Clondalkin mother named Dublin Family Carer of the Year
FACED with extremely challenging daily conditions for her husband and son, a mother who just “gets on with it” has won the 2022 Netwatch Dublin Family Carer of the Year.
Rose Curtin, from Clondalkin, cares for her adult son Daniel (30), who has an intellectual disability, autism and intractable epilepsy.
Her husband, Robbie, has early onset dementia and now lives in a nursing home following a battle with leukaemia.
Alongside caring for their son, Rose visits Robbie every day and has remained incredibly strong for her family.
Speaking to The Echo, Rose, a Cherrywood mother of three, said the two men have been through a lot.
“Robbie got leukaemia in his early 40s. He had to get a bone marrow transplant, which led to mini strokes. The mini-strokes were a side-effect of the transplant, which wasn’t expected, and this then led to front lobal dementia. Leukaemia was a doddle compared to the other stuff,” said Rose.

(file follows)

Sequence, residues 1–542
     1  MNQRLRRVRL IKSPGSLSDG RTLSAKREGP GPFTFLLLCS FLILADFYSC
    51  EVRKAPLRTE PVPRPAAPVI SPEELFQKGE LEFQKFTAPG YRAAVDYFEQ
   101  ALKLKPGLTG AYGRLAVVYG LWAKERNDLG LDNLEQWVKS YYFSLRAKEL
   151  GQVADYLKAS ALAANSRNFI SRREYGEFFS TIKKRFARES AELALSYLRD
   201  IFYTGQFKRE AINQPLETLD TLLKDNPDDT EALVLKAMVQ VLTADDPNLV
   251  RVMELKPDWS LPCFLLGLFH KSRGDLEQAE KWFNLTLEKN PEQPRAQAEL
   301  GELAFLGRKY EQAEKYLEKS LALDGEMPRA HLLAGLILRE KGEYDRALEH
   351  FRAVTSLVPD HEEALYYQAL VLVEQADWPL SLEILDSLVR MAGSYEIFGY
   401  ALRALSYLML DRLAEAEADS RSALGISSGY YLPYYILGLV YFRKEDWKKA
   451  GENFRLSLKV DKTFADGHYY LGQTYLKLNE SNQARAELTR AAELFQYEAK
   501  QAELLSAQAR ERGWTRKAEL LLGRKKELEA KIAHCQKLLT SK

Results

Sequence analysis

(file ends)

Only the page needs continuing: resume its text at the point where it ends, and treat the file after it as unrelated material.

“For two years, I was with him at home, but the kids were small at the time, I had to weigh it up about a nursing home. It is still a knife in the heart to have him in there.”
Rose goes in to see Robbie every day, and says it is all about “repetition” in terms of communication.
On top of all this, Daniel’s condition is a different type of serious, and he requires hands-on care, needs to be dressed, fed, and brought to the bathroom.
“He has lots of different types of seizures, it is hard to control with medication. He has gone through a lot, it is more challenging behaviour.”
No wonder then that Family Carers Ireland, the national charity supporting Ireland’s family carers, was “delighted” to announce that Rose was the recipient of the award.
Rose was nominated by her friend, Moira Skelly, who says that Rose completely dedicated her life to taking care of her loved ones and “deserves recognition for her compassion, kindness and strength in the face of all her daily challenges.”
An unassuming and down-to-earth character, Rose said an award is not something she thinks about, but acknowledged that it was nice to get recognition.
“It’s your life and you get on with it the best you can,” said Rose.